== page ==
Four Common and Costly Estate Planning “Administration” Mistakes
By Christian Cordoba, CFP
From incapacity planning to legacy and gifting intentions, a well-constructed
estate plan can be one of the greatest gifts you provide your loved ones
to remove unnecessary stress during an emotional time of loss—but
only if it is properly executed. Be sure to check your estate plan for
these critical financial planning updates.
The administrative and claiming side of estate planning which occurs after
you’re gone requires critical attention to detail and ongoing review
to ensure your intentions and assets maintain alignment. Following are
some of the biggest and most common mistakes to avoid.
Not retitling assets in the name of the trust
One key function a trust provides is the ability for assets to bypass the
high expense, lengthy time and public exposure of the probate process.
However, if assets are not retitled into the name of the trust, they will
not be protected under its provisions. Even if the assets are specified
within the trust, they must be titled properly for the trust to take effect.
Not creating a strategic plan for retirement accounts
A caveat to the previous rule, retirement accounts are inherently structured
for individuals, so retitling to change ownership can quickly trigger
significant and irreversible taxable events. Similarly, naming a trust
as the beneficiary to inherit retirement accounts can also carry unique
limitations and tax considerations. To help preserve the tax benefits
of these retirement assets for future generations, be sure to discuss
these assets with a professional trained in the advanced tax laws and
strategies surrounding the complexities of retirement accounts.
Not updating designated beneficiary forms
Designated beneficiary forms on all financial accounts are king and trump
all other estate planning documents. Be sure to regularly review these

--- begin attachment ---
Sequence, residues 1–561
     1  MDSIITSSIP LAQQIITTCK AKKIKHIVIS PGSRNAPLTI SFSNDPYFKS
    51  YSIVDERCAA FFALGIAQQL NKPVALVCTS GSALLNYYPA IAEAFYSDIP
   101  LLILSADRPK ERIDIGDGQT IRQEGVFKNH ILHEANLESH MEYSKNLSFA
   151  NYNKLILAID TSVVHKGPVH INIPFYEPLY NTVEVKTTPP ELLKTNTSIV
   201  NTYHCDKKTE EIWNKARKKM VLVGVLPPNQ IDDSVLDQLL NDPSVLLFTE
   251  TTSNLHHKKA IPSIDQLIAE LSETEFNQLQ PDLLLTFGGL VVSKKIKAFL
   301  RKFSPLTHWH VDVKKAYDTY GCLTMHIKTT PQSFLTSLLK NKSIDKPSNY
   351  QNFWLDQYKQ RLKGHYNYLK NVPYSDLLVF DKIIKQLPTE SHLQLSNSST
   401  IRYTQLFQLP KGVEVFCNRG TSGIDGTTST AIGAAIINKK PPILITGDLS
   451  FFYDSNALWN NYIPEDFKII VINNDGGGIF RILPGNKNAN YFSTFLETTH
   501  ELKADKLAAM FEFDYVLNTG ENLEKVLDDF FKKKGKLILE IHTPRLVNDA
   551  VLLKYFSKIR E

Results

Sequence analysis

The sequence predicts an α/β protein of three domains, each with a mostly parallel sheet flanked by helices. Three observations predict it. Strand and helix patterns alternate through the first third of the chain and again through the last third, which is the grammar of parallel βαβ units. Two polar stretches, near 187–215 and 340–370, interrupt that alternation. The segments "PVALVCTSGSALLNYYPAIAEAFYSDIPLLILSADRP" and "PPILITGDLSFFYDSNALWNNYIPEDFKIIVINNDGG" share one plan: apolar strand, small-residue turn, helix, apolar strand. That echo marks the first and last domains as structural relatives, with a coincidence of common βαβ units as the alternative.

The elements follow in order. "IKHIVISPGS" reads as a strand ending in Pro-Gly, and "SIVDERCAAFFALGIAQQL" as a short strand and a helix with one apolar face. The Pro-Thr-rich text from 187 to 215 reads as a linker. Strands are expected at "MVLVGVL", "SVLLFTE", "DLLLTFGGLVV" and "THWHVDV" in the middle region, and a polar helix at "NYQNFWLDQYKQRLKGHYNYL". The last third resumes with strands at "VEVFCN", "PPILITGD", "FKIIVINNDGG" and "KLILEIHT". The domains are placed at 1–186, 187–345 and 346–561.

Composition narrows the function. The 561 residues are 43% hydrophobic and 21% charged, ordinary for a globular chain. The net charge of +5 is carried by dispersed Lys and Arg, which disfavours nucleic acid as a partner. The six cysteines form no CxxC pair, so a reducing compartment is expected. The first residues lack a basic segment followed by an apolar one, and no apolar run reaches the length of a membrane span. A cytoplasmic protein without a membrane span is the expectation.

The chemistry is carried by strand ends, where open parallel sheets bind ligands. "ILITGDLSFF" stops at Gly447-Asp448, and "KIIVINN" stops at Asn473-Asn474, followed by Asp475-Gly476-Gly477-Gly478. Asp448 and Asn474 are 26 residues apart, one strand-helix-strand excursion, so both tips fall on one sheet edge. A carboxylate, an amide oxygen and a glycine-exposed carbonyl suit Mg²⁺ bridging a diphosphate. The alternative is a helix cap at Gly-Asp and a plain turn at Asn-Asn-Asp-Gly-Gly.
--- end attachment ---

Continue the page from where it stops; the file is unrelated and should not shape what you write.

forms and keep them up-to-date with your intended, chosen beneficiaries.
Not communicating with your beneficiaries
Having a proactive conversation with your heirs about your intentions can
help alleviate potential family conflict caused by speculation about your
wishes. It can also provide the proper guidance for your heirs to maximize
their inherited assets. When and how they receive their funds or how they
retitle assets can result in costly taxes, fees or penalties. Surviving
spouses, in particular, will have important decisions surrounding retirement
accounts as to whether they should be titled as inherited accounts or
rolled over into their own name—both options carrying different
implications for taxes and regulation.
Your heirs will benefit from the special attention you give to these aspects
of your estate plan in your planning process.
Christian Cordoba, RFC®, CFS, is a CERTIFIED FINANCIAL PLANNERTM, Master Elite IRA Advisor and founder of California Retirement Advisors
located in El Segundo. He is a member of Torrance Memorial’s Professional
Advisory Council. www.CRAretire.com. (310) 643-7472.
Investment advisory services provided by California Retirement Advisors
Group, Inc. and First Allied Advisory Services, Inc., both registered
investment advisers. Registered representatives and financial consultants
offering securities through First Allied Securities, Inc., a registered
broker/dealer, member FINRA/SIPC. California Retirement Advisors Group
is not affiliated with First Allied Securities Inc. and First Allied Advisory
Services, Inc. CA Insurance license #0B09076.